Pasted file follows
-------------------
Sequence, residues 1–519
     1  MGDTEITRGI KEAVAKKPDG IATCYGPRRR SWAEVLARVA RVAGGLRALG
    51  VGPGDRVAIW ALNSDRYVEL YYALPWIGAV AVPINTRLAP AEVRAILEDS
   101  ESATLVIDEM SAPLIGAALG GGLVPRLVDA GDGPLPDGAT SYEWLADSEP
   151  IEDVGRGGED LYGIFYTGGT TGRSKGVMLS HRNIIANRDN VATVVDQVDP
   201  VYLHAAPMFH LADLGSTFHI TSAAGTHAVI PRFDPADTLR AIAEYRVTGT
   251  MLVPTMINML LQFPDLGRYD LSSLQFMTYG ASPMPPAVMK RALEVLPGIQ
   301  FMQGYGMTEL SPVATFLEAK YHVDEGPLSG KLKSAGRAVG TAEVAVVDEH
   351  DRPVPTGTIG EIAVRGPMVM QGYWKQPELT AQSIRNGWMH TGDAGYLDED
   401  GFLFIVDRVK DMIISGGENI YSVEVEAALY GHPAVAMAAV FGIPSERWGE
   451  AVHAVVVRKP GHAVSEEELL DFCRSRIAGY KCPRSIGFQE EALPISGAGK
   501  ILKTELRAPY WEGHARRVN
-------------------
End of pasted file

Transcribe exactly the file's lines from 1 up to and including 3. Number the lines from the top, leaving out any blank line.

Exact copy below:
Sequence, residues 1–519
     1  MGDTEITRGI KEAVAKKPDG IATCYGPRRR SWAEVLARVA RVAGGLRALG
    51  VGPGDRVAIW ALNSDRYVEL YYALPWIGAV AVPINTRLAP AEVRAILEDS